D. D. Raphael and A. L. Macfie (1976) II An Inquiry into the Nature and Causes of the Wealth of Nations, ed. R. H. Campbell and A. S. Skinner; textual editor W. B. Todd, 2 vols. (1976) III Essays on Philosophical Subjects, ed. W. P. D. Wightman ...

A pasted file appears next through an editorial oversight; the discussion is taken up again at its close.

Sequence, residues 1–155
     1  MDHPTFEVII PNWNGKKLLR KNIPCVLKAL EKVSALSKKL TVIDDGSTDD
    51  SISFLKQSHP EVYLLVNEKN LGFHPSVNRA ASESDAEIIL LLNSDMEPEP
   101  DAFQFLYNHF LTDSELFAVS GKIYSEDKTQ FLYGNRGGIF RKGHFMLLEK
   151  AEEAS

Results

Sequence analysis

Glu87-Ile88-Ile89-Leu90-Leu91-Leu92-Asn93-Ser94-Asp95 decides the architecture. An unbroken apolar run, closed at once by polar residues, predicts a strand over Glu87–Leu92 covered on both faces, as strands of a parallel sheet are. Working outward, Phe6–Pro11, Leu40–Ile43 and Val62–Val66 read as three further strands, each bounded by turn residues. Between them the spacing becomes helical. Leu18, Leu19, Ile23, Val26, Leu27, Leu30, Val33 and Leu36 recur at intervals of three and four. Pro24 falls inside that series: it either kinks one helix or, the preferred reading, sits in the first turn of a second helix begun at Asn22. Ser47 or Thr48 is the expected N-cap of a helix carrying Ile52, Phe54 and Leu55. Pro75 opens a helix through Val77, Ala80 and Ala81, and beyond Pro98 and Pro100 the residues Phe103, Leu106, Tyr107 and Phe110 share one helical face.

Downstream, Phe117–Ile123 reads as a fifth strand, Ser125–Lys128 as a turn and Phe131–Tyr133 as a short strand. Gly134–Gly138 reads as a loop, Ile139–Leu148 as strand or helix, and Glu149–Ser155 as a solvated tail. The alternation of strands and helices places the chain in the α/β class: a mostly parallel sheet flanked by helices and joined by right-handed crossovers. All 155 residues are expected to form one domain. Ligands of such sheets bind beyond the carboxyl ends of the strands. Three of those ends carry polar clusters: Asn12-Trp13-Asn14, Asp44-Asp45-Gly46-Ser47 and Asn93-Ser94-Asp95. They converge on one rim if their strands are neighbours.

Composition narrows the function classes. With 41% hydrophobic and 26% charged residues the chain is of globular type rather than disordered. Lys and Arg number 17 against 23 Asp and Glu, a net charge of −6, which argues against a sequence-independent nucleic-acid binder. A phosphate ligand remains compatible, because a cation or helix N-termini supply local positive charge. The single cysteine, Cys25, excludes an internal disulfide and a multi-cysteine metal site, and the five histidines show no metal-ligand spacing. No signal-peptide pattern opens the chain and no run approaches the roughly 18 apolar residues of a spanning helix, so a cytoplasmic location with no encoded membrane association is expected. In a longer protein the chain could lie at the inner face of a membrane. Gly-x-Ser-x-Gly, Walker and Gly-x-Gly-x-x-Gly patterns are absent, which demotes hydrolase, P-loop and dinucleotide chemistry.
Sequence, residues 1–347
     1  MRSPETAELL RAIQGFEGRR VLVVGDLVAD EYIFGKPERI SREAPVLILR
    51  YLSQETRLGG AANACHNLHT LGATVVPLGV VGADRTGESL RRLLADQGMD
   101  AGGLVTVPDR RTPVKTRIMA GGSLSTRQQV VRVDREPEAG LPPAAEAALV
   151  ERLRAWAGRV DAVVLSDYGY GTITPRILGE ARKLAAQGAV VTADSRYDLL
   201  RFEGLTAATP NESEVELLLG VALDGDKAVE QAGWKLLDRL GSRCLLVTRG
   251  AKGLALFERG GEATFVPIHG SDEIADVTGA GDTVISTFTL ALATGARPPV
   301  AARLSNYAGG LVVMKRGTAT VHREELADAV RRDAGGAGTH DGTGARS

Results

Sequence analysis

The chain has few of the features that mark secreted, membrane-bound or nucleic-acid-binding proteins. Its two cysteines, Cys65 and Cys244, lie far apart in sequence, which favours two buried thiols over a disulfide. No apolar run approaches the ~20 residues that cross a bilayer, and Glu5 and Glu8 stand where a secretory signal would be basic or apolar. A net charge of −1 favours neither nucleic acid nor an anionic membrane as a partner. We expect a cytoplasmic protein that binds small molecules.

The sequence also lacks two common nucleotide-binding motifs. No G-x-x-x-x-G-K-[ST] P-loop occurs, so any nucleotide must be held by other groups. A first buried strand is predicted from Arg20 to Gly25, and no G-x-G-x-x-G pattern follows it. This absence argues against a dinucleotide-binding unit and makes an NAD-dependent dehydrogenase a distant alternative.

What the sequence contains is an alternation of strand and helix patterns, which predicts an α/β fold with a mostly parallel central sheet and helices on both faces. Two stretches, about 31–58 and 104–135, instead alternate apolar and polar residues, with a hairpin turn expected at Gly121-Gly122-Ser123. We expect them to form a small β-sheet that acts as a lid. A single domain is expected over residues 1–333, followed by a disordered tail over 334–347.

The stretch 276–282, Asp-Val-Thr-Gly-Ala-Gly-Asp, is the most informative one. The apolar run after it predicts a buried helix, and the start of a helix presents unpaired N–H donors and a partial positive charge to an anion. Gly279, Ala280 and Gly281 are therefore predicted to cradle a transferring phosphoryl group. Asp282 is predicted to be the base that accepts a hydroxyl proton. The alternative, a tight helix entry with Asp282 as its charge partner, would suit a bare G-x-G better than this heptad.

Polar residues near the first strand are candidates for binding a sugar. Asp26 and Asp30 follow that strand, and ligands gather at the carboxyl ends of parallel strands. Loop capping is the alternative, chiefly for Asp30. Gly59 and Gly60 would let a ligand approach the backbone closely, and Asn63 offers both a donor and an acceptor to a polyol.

Cancer and its treatment pose challenges that affect not only patients but also their significant others, including intimate partners. Accumulating evidence suggests that couples’ ability to communicate effectively plays a major role in the psychological adjustment of both individuals and the quality of their relationship. Two key conceptual models have been proposed to account for how couple communication impacts psychological and relationship adjustment: the social-cognitive processing model and the relationship intimacy model. These models posit different mechanisms and outcomes, and thus (...) have different implications for intervention. The purpose of this project is to test and compare the utility of these models using comprehensive and methodologically rigorous methods. Aims are: to examine the overall fit of the SCP and RI models in explaining patient and partner psychological and relationship adjustment as they occur on a day-to-day basis and over the course of 1 year; to examine the fit of the models for different subgroups ; and to examine the utility of various methods of assessing communication by examining the degree to which baseline indices from different measurement strategies predict self-reported adjustment at 1-year follow up. The study employs a longitudinal, multi-method approach to examining communication processes including: standard self-report questionnaires assessing process and outcome variables collected quarterly over the course of 1 year; smartphone-based ecological momentary assessments to sample participant reports in real time; and laboratory-based couple conversations from which we derive observational measures of communicative behavior and affective expression, as well as vocal indices of emotional arousal. Participants are patients with stage II-IV breast, colon, rectal, or lung cancer and their spouses/partners, recruited from two NCI-designated comprehensive cancer centers. Results will be published in scientific journals, presented at scientific conferences, and conveyed to a larger audience through infographics and social media outlets. Findings will inform theory, measurement, and the design and implementation of efficacious interventions aimed at optimizing both patient and partner well-being. (shrink)